Collections of forest mosquitoes totaling 72,211 individuals were made on the ground and in the canopy during the rainy season of 1950 at 18 localities throughout the length of Panama and into Costa Rica, in seeking an explanation for the failure of sylvan yellow fever to appear west of the Canal Zone prior to that time.
It was found that the known South American vectors of the disease, Haemagogus spegazzinii falco and Aedes leucocelaenus clarki occurred sparingly west into Costa Rica, but the only station at which they were present in substantial numbers was one located in the well developed tropical rain forest of the Atlantic slope.
The vertical stratification of the mosquitoes taken in the forest is summarized for each species of which more than 15 individuals were taken. These data are of importance in assessing the possible role of each species in terms of its contact with the arboreal mammals which are the intermediate hosts of the yellow fever virus.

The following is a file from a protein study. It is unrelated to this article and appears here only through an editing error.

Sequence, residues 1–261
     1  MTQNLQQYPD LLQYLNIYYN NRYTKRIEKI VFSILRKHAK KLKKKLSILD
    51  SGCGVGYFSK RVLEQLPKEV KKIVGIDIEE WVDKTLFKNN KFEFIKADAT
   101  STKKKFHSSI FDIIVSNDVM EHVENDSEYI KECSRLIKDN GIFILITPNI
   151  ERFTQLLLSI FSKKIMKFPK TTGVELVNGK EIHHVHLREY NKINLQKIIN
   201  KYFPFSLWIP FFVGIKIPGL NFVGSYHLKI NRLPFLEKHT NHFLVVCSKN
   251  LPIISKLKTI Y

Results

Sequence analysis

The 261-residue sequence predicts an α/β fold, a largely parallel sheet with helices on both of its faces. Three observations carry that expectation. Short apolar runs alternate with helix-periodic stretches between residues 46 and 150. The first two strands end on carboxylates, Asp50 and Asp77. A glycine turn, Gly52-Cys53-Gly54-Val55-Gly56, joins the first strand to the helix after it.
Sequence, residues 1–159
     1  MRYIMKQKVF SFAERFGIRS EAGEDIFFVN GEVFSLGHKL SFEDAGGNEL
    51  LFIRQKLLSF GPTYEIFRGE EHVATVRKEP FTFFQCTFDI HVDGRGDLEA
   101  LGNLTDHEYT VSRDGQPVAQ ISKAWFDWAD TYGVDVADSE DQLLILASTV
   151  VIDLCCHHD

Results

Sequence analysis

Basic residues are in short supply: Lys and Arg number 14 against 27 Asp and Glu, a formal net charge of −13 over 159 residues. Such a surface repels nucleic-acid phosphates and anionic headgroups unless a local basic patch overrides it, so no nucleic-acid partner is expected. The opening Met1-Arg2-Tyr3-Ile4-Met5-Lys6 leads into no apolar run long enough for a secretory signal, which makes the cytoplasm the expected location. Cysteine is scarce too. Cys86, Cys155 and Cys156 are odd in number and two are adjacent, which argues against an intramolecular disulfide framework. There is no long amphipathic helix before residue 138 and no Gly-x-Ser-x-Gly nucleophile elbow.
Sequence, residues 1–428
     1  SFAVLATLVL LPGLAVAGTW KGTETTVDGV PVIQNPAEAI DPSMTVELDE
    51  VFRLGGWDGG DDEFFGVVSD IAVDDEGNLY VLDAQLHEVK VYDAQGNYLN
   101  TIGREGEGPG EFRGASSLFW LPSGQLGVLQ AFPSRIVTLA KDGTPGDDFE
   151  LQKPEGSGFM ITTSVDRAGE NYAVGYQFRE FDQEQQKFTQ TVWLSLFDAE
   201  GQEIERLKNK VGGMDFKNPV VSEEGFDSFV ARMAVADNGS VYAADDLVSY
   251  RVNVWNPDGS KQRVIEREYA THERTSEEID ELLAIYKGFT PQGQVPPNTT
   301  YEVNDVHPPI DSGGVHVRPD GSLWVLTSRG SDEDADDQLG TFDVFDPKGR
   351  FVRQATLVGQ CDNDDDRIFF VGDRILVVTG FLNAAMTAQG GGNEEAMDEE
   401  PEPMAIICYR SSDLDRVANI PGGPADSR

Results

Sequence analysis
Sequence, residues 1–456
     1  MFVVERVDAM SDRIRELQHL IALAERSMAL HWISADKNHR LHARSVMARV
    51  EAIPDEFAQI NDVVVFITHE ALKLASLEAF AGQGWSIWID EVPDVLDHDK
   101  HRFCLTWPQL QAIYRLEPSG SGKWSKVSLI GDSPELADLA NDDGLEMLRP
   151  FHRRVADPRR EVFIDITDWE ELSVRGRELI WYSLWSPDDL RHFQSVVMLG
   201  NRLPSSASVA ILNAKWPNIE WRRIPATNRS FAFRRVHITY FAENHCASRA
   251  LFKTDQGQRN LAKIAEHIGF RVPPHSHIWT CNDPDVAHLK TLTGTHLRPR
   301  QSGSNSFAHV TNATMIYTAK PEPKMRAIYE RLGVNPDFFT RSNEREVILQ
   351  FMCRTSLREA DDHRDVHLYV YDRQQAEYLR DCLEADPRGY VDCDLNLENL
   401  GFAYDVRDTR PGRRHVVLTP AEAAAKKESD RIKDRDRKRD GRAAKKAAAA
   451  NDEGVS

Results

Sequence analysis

It is suggested that physiographic and meteorologic conditions in central Panama and the Canal Zone area produce a forest cover which is intermediate between tropical rain forest favorable for the production of substantial numbers of tree hole breeding vector mosquitoes, and tropical deciduous forest in which conditions are less favorable. It is further suggested that since conditions are marginal in this critical area, it would take a particularly favorable rainfall pattern to produce the mosquito population necessary to carry the virus across into the Atlantic side rain forest of western Panama as happened in 1949 and 1950.